CEO of Galetti Corporate Real Estate John Jack looks at upcoming trends within the changing landscape of corporate real estate. He predicts that while flexible work arrangements will remain the norm for some of 2021, this will turn around towards mid-year with major corporates driving the movement back to ‘business as usual’.

Predicted CRE trends for 2021

A recent survey by Global Views, comprising 555 respondents in the commercial sector, indicates four major trends that are expected to emerge in 2021:

Flexible office footprints (97% of respondents predicted)

Large corporate tenants globally will aim for a portion of flexible office space as a result of the pandemic. “This will allow companies to act more nimbly and adjust quickly to maximise benefits and cut down on costs,” says Jack.

Flexible lease contracts will become the new normal (66% of respondents predicted)

“As a result of the current climate, lease provisions and conditions are changing,” says Jack. “We are seeing a rise in short-term leases presenting greater risk for landlords, which may be adjusted with higher rentals for shorter terms.”

Co-working facilities (60% of respondents predicted)

Co-working spaces are set to be utilised by more large companies as a way to solve some of the challenges brought about by remote working – these spaces allow employees to work more flexibly, while providing access to a professional work environment with technical amenities. “Other benefits include improved productivity, a social and collaborative atmosphere, and cost-effectiveness,” says Jack,

Long-term lease contracts will remain normal (41% of respondents predicted)

“While 2020 was the year of hard decisions, the benefits accruing to the landlord of long-term leases cannot be disputed. We do, however, anticipate that South Africa will lag behind the curve,” Jack explains. “While short-term rentals in the commercial space are popular at present, they present greater risks for landlords and investors who are looking for income security in the long-term.”

Additional expected trends in 2021 include:


Subletting of commercial real estate

“With offices currently at around 50% capacity, which is set to continue for the foreseeable future, and companies having to downsize, subletting is a viable option to affordably and practically put unused space to good use,” says Jack.

Prioritising worker safety

“We have to keep in mind that these are unprecedented times, and that the safety of workers must come first. Communication with workers is essential to assess what is working and what isn’t, and any changes made to the working environment, whether it be working remotely from home, from coworking spaces or in the office, should prioritise the health and safety of employees,” says Jack.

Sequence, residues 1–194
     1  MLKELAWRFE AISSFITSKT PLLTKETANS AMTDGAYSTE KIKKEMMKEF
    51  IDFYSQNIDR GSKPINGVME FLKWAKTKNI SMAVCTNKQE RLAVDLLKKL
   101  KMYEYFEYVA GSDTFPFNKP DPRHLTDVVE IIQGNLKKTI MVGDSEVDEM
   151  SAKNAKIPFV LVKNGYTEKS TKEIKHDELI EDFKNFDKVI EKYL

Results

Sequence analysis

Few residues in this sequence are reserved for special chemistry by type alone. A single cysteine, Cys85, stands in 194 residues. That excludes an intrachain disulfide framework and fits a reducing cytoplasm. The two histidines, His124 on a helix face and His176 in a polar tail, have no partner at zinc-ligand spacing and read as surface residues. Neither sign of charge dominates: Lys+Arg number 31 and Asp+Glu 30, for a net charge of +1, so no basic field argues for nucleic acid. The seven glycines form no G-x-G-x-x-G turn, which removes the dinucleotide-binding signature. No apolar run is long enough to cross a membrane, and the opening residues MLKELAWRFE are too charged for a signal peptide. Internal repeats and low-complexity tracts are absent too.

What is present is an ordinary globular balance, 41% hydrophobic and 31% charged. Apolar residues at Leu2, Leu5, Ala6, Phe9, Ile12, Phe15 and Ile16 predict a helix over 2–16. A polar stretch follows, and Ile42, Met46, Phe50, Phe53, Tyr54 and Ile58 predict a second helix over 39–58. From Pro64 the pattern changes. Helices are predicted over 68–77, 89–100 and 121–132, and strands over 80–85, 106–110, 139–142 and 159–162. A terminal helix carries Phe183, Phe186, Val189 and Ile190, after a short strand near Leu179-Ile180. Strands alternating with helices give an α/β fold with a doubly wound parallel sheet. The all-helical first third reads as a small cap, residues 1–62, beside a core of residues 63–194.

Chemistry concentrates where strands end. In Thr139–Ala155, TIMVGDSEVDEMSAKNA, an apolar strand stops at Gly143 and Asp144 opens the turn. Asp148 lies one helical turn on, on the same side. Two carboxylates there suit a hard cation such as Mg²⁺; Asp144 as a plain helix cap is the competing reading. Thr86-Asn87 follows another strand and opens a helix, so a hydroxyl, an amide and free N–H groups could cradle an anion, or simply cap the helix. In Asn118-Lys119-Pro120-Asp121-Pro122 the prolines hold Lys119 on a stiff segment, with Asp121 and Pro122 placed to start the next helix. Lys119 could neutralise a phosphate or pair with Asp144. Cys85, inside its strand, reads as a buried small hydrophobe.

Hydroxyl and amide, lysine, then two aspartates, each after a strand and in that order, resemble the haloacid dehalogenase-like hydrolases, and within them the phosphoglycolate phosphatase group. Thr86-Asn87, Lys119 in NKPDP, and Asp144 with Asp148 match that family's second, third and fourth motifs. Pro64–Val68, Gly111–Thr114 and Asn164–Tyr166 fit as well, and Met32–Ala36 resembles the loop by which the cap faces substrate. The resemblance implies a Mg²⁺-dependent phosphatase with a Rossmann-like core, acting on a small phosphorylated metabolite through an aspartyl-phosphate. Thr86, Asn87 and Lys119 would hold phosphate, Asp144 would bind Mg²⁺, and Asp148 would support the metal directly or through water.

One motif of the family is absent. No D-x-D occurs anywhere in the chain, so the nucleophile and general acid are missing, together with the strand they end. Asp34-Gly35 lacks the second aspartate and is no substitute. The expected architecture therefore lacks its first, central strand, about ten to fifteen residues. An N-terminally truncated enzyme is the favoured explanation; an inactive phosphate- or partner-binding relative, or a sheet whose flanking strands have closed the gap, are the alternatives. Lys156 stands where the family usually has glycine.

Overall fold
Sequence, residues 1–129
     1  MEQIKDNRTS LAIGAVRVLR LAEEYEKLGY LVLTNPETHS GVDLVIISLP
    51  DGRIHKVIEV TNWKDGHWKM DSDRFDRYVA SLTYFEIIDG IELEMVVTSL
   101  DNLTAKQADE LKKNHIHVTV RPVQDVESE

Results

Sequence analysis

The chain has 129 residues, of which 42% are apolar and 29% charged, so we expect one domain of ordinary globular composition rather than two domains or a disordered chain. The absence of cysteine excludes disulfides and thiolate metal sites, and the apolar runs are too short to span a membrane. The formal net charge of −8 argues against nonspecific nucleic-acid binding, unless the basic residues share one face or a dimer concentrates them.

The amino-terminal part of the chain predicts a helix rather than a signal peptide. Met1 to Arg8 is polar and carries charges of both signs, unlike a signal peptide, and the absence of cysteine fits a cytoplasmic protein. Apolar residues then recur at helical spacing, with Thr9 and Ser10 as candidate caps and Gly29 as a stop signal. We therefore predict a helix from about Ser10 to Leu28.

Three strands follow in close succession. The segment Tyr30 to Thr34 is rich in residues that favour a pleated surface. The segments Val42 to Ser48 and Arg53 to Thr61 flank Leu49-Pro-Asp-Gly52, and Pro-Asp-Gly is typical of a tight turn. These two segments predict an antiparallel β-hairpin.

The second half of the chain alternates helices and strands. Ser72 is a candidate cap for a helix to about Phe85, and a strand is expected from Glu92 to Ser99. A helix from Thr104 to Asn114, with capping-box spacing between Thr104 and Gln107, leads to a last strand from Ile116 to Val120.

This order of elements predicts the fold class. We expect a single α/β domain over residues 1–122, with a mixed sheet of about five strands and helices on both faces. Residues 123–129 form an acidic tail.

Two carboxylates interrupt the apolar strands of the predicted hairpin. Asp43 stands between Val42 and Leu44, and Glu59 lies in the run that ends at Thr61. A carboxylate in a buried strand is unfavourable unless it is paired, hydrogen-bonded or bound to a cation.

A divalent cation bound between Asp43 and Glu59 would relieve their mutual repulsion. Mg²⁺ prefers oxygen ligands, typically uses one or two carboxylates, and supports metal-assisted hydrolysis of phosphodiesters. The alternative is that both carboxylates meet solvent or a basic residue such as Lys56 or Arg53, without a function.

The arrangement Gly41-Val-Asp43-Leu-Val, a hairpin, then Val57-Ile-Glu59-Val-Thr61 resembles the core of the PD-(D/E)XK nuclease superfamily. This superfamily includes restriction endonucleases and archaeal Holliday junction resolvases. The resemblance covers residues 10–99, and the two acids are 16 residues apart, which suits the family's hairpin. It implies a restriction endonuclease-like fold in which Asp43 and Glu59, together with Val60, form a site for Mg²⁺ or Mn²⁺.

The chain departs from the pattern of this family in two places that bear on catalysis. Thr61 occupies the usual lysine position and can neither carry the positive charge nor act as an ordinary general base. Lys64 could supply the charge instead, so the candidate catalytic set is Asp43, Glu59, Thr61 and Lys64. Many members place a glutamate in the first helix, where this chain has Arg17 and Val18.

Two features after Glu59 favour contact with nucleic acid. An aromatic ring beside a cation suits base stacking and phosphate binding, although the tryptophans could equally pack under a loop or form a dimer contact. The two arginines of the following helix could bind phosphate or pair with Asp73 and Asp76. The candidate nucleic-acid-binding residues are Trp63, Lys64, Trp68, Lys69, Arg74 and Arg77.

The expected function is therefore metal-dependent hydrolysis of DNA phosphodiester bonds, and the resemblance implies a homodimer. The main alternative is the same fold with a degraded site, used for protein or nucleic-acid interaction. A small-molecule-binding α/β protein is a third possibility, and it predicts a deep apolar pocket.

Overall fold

What will become of unused commercial spaces?

Major pressure is on landlords to fill buildings which are currently going partially or completely unused due to Covid-19 precautions. “We’re currently weathering a storm, so while things will change in the long-term, right now there are a few options that landlords with vacant buildings can consider to improve their cashflow and generate yields. Besides the option to sub-let, landlords may want to consider creating collaboration spaces for coworking, at the very least viewing office space as a service,” advises Jack. This allows multiple teams or individuals to utilise the working space at different times.

“Another option is to reinvent the space, and look towards mixed-use developments comprising residential, commercial and retail spaces. These unprecedented times require adaptability and flexibility to survive,” Jack adds.

Will working remotely hamper productivity in 2021?

According to a recent series of surveys held by Galetti Corporate Real Estate, 76% of respondents don’t believe office space will become obsolete, with only 42% saying their companies have evolved to cater to a remote working setup. It was also revealed that 85% of respondents felt they had lost their work-life balance as a result of working remotely, with 83% saying they look forward to returning to the office.

Jack says, “While working remotely means a relocation away from former workspaces, it does not mean that the office will become obsolete.”

The results of the surveys reveal that people generally would still prefer to work in offices, rather than remotely, and suggest that we can expect a return to work for most of the population in the near future. In this regard, South Africa differs from trends in other countries such as the UK, where the majority of employees believe remote working will continue post-lockdown, and say they are working more productively outside of the office, according to a report by property technology firm Equiem.

However, the report also revealed that sub-optimal conditions and the lack of social interactions were among the main concerns raised by respondents working from home.

While some workers have access to a quiet environment and the technical resources required to work from home, it is important to remember that South Africans face unequal access to technical equipment and the connectivity needed to get online, which may inhibit productivity during remote work, says Jack.

“With this in mind, it is expected that productivity may be hampered as a result of working remotely, if employees are expected to work from home. There is the expectation that offices will ultimately remain the more popular option, with compromises to be made between employers and employees.”